Simple Changes in Cooking Methods May Reduce Inflammatory Stress and Decrease Insulin Resistance

MedicalResearch.com Interview with:

Jaime Uribarri, MD Professor, Nephrology Icahn School of Medicine Mt. Sinai Medical Center

Dr. Jaime Uribarri

Jaime Uribarri, MD
Professor, Nephrology
Icahn School of Medicine
Mt. Sinai Medical Center

MedicalResearch.com: What is the background for this study?

Response: We have been doing research in the area of dietary advanced glycation end-products (AGEs) for many years.

AGEs are chemical compounds that form normally in the body in small amounts and also in food when cooking under high heat and dry conditions; a percent of AGEs in food is absorbed and part of it is retained in the body leading to increased smoldering inflammation and oxidative stress that eventually produce most of modern chronic diseases such as diabetes, cardiovascular disease, dementia, etc. We have previously demonstrated that a diet low in AGEs, which essentially means changing the cooking methods to include less application of heat, plenty of water,etc, decreases inflammation of oxidative stress in people with diabetes, chronic kidney disease and in healthy subjects. In the current study we applied the same low dietary AGE intervention to a group of obese patients with the so-called Metabolic syndrome, a risk factor for Diabetes Mellitus.

MedicalResearch.com: What are the main findings?

Response: After 1 year of intervention the group in the low AGE diet showed marked decreased signs of inflammation, oxidative stress and insulin resistance than the control group who maintained their habitual high dietary AGE intake. Moreover, these changes took place without significant weight loss, a very difficult goal to achieve in obese patients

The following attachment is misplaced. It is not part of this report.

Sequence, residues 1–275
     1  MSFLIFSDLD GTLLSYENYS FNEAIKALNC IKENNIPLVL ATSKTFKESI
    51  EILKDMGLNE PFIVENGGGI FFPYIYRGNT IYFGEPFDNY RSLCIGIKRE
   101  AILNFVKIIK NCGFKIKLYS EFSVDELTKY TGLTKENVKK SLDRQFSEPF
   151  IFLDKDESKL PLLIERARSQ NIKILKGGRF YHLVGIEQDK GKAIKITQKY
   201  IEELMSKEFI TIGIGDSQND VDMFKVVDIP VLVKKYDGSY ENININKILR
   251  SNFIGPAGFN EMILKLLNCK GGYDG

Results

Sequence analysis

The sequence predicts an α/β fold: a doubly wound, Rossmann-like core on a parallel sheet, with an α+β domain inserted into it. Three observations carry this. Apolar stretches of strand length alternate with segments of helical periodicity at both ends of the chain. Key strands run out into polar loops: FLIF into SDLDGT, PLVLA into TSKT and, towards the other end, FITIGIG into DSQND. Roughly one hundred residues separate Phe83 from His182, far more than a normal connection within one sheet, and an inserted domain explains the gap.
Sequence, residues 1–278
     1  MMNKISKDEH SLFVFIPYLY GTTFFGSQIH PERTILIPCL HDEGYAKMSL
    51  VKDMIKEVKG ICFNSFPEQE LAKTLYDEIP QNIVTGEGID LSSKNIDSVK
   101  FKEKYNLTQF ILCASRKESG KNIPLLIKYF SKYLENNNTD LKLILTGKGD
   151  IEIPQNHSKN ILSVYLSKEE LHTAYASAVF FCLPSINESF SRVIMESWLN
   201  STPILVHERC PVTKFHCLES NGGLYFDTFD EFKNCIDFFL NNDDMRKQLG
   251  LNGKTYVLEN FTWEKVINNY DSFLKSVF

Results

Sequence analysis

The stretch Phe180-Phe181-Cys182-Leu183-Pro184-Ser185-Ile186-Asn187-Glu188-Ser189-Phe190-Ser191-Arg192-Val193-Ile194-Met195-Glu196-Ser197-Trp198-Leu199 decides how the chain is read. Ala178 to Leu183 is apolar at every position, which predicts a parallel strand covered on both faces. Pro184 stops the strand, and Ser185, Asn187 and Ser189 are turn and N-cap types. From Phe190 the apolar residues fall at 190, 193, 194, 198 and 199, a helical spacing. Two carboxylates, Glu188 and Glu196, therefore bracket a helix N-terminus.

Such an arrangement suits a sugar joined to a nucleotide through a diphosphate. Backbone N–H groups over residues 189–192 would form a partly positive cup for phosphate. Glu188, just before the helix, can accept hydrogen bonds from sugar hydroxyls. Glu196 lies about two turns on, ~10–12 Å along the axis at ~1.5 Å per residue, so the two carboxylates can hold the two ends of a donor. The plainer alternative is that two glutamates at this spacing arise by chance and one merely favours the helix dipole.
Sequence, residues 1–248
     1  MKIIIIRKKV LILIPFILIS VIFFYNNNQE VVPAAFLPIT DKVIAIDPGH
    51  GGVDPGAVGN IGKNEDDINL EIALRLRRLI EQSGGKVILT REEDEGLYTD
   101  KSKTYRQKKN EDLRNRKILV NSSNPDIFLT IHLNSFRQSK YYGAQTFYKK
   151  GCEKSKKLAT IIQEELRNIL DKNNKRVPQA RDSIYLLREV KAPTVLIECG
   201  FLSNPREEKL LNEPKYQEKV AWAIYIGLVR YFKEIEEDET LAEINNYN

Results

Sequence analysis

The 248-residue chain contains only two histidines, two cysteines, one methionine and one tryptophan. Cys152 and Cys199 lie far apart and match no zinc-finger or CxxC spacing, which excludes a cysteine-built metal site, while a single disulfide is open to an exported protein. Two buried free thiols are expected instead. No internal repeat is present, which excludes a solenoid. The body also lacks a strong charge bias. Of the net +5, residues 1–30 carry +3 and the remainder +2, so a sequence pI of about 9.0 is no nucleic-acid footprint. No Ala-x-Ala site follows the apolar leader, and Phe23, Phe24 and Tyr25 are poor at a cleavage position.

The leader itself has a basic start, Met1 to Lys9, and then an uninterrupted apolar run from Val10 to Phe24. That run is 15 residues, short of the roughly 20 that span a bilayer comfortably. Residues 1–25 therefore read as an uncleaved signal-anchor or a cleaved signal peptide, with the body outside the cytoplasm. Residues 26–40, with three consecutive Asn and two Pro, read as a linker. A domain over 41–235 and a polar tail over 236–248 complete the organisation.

MedicalResearch.com: What should readers take away from your report?

Response: The main general message is that simple changes in the way of cooking go a long way to assure a healthy life; in this case, specifically preventing insulin resistance and diabetes. We are not saying not to eat specific nutrients, such as proteins, carbohydrates or fats, but cook them differently. This should not be confused with adopting a raw diet.

MedicalResearch.com: What recommendations do you have for future research as a result of this study?

Response: We are continuing doing research on the effects of a low AGE diet in other chronic conditions such as dementia.

It would be ideal if other groups, nationally and internationally, were to reproduce our findings.

MedicalResearch.com: Is there anything else you would like to add?

Response: An absolute proof of the beneficial effect of a low AGE diet in humans will take many years and a lot of financial support so it may never be actually done. In the meantime, however, we have quite persuasive evidence of its benefits. Moreover, following a low AGE diet will not produce side effects: it only requires perseverance and imagination to improve the public’s culinary techniques.

MedicalResearch.com: Thank you for your contribution to the MedicalResearch.com community.

Citation:

Diabetologia. 2016 Jul 29. [Epub ahead of print]
Oral AGE restriction ameliorates insulin resistance in obese individuals with the metabolic syndrome: a randomised controlled trial.
Vlassara H1,2, Cai W1, Tripp E1, Pyzik R1, Yee K1, Goldberg L1, Tansman L1, Chen X1, Mani V3, Fayad ZA3, Nadkarni GN4, Striker GE1,4, He JC4,Uribarri J5.

Note: Content is Not intended as medical advice. Please consult your health care provider regarding your specific medical condition and questions.

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